Archives for August 2016

What’s the difference between delivering passengers and delivering parcels?

By Ben Ames | August 29, 2016 | 9:08 AM

Boston residents learned this week that a “pop up mass transit” system called Bridj was experimenting with delivering parcels as well as passengers, and could soon use neighborhood lockboxes and mobile robots to carry each package to its final destination.

“We’re going to start to introduce autonomous vehicles and autonomous delivery devices over the coming months, using Boston as a laboratory,” the firm’s 26-year-old cofounder and chief executive, Matthew George, told the Boston Globe.

Commuters in Boston, Washington, D.C., and Kansas City can already use a smartphone app to summon one of Bridj’s 14-person mini-buses, which use routing software to calculate malleable, on-the-fly bus routes. Like a shared ride on the taxi-alternative service Uber Technologies Inc., the two-year-old business is touted as an alternative to typical mass transit options like fixed-route commuter buses or subway networks.

But just as Uber has extended its ride-hailing system to last-mile parcel delivery, Bridj is also exploring ways to put boxes as well as butts in its vehicles’ seats. In a twist on other last-mile parcel delivery services, Bridj plans to use its passenger vans to drop items at local lock-boxes, then deploy either human couriers or small robots to carry each box to its final street address.

The idea faces several hurdles before it takes off in practice, since Bridj hasn’t yet chosen a delivery robot from its experiments with manufacturers, or obtained permission from the city of Boston to drive the autonomous critters down urban sidewalks. Another specter is potential vandalism or cargo theft committed on the slow-moving bots.

Despite these challenges, Bridj’s ideas on ways to improve last-mile delivery are hardly unique. In recent months, inventors in both Israel and in England have unveiled similar plans to dispatch packages to urban locations in wheeled autonomous robots.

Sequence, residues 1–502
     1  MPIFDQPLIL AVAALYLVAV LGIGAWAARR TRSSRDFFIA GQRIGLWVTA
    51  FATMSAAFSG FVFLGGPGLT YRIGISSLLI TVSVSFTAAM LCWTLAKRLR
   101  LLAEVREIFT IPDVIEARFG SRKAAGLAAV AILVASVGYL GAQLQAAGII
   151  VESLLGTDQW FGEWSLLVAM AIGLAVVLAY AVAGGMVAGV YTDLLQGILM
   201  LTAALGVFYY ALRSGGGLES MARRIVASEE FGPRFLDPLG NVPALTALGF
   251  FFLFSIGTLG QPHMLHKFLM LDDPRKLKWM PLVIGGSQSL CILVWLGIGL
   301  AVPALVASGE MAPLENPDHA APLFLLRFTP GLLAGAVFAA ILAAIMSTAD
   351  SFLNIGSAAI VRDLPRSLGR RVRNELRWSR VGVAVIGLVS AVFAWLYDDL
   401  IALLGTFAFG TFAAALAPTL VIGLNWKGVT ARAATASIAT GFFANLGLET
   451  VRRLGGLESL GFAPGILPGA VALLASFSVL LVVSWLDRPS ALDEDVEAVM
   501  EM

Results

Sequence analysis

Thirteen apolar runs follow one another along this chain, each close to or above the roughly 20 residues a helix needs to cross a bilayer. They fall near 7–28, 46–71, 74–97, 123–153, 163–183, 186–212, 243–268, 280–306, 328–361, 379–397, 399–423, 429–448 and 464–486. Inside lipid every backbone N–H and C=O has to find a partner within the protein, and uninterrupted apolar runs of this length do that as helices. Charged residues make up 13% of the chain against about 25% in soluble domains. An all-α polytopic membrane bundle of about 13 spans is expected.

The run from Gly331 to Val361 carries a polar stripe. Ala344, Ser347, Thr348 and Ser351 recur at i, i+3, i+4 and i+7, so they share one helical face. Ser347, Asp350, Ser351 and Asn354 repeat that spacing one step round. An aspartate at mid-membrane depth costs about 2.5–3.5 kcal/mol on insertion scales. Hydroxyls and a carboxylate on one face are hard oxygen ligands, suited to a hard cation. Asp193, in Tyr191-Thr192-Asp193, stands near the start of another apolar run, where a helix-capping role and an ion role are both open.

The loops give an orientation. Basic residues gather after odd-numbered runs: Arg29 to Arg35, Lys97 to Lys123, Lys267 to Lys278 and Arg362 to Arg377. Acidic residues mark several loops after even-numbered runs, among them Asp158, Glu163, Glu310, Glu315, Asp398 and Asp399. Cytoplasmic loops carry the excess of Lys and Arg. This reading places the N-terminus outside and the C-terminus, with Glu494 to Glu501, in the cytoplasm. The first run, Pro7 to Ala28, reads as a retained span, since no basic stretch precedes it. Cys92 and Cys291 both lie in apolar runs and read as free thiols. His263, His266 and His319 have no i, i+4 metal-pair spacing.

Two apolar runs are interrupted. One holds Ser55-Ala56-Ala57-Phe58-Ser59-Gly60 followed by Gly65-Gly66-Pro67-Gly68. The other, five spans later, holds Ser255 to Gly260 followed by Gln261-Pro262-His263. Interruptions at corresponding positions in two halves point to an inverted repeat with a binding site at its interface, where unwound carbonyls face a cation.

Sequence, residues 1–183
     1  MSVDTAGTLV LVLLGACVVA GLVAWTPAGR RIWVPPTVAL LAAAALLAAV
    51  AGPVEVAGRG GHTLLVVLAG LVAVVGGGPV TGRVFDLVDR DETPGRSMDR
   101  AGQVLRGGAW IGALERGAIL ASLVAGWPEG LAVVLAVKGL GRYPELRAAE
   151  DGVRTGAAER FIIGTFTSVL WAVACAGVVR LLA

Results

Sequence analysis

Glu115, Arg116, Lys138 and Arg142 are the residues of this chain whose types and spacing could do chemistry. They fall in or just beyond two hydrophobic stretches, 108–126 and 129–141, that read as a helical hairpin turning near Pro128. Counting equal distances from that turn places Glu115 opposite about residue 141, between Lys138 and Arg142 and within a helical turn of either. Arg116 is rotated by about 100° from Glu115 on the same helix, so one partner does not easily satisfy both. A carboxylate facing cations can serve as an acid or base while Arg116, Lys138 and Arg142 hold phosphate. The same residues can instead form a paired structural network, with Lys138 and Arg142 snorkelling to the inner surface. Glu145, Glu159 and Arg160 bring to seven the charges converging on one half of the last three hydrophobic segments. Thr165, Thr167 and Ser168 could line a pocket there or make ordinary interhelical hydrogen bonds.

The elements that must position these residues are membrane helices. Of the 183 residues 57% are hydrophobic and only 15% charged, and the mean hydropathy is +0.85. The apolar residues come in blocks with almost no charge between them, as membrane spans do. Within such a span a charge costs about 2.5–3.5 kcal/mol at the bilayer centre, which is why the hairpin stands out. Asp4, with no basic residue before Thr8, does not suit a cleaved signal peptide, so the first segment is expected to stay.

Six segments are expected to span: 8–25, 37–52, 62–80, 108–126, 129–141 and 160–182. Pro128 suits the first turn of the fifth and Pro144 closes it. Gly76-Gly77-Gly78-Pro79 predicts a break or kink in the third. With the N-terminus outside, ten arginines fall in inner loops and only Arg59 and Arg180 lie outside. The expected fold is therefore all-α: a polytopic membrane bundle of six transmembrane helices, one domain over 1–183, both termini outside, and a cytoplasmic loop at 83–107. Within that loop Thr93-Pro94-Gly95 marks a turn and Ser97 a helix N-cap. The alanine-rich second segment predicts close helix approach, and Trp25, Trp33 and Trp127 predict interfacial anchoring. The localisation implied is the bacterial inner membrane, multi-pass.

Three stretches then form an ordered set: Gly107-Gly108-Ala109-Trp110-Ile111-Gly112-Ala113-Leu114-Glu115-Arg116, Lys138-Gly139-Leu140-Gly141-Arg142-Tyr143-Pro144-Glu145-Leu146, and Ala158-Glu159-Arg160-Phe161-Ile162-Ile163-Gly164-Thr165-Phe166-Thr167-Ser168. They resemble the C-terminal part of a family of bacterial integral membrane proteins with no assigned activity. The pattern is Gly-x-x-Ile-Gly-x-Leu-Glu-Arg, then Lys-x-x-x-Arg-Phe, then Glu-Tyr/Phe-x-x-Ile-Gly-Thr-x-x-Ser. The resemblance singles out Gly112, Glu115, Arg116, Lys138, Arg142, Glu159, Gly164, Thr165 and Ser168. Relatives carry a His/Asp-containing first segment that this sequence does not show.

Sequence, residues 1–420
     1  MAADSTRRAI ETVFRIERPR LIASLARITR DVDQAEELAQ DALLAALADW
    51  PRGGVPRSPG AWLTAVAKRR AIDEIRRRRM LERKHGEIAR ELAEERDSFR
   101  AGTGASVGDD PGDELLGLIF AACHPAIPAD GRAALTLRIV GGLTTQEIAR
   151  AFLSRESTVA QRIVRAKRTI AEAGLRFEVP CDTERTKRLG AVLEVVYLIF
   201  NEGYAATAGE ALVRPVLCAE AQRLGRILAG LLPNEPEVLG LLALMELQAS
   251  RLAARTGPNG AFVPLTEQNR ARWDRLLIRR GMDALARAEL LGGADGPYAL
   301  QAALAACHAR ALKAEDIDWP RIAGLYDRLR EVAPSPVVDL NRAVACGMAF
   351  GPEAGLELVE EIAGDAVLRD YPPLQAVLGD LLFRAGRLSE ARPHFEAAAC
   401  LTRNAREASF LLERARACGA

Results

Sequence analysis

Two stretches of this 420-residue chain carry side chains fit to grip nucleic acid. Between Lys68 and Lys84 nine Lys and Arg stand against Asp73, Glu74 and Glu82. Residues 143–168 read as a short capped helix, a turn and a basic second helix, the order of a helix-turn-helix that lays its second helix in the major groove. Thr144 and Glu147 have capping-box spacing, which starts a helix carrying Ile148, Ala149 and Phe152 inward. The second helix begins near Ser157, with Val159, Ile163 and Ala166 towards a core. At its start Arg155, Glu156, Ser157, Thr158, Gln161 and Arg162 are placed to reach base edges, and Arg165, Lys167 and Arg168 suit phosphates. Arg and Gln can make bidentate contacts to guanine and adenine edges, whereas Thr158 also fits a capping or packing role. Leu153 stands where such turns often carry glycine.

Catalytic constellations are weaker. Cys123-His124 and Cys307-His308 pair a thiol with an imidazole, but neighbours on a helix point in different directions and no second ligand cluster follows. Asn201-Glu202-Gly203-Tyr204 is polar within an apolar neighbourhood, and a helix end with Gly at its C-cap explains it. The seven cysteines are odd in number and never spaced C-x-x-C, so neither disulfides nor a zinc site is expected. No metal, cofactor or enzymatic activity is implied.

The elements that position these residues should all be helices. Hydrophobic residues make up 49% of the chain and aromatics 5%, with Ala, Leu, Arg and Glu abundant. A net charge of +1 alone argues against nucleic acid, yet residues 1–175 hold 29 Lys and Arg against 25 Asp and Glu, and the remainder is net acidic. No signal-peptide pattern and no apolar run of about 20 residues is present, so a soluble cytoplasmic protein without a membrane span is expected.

The concept of using centralized lockers as distribution hubs for urban neighborhoods is even more popular, with pilot projects underway by some of the industry’s biggest names, including Atlanta-based supply chain giant UPS Inc., Durham, N.C.-based Bell and Howell LLC, and German transport and logistics firm Deutsche Post DHL Group.

Bridj hopes to emerge from this pack of parcel-toting hopefuls by building its service from a mixture of all three popular ideas—ride hailing, central lockboxes, and robot delivery. Only time will tell if the creative recipe works.

Self-driving car startup nuTonomy races Uber & Google to develop robo-taxis

By Ben Ames | August 26, 2016 | 11:02 AM

The race to develop self-driving vehicles took another lurching step forward yesterday when a Cambridge, Mass.-based tech startup called nuTonomy Inc. launched a public trial of its robo-taxi service on the bustling streets of Singapore.

The news comes just days after iconic ride-hailing service Uber Technologies Inc. accelerated its own effort to create self-driving taxis when it paid a reported $680 million to buy the San Francisco-based, autonomous trucking startup Otto and unveiled a $300 million deal with Volvo Car Group to build the technology into sedans and SUVs.

The sight of nuTonomy’s cars may be familiar to Singapore locals, since the company has been running daily autonomous vehicle tests in the city’s one-north business district since April. But those tests took on a high-octane flare on Aug. 25 when nuTonomy first invited residents to use its ride-hailing smartphone app to book a free ride in a self-driving car.

Passengers will not be completely alone, since a nuTonomy engineer rides along in each vehicle, monitoring performance and preparing to seize control if needed.

Formed in 2013 by a pair of robotics engineers from the Massachusetts Institute of Technology (MIT) named Karl Iagnemma and Emilio Frazzoli, nuTonomy has developed specialized autonomous driving software. The company works with partners to integrate that software with sensors and processors, then installs the entire system in a Renault Zoe or Mitsubishi i-MiEV electric vehicle.

In May, nuTonomy got a turbo boost in its race to test autonomous cars on public roads before industry heavyweights like Uber, General Motors Co. and Alphabet Inc.’s Google self-driving car when the company announced it had raised $16 million in funding from Highland Capital Partners LLC and Singapore’s economic development body.

Despite the impressive technology and jaw-dropping investment funds fueling the autonomous vehicle sector, industry experts say it will be at least another decade until providers can clear the regulatory and social speed bumps of unleashing unchaperoned robo-taxis on public streets.

In the meantime, nuTonomy is posting videos of the ongoing tests of its self-driving cars with unseen engineers riding shotgun.

The opinions expressed herein are those solely of the participants, and do not necessarily represent the views of Agile Business Media, LLC., its properties or its employees.

Thoughts from our editors.

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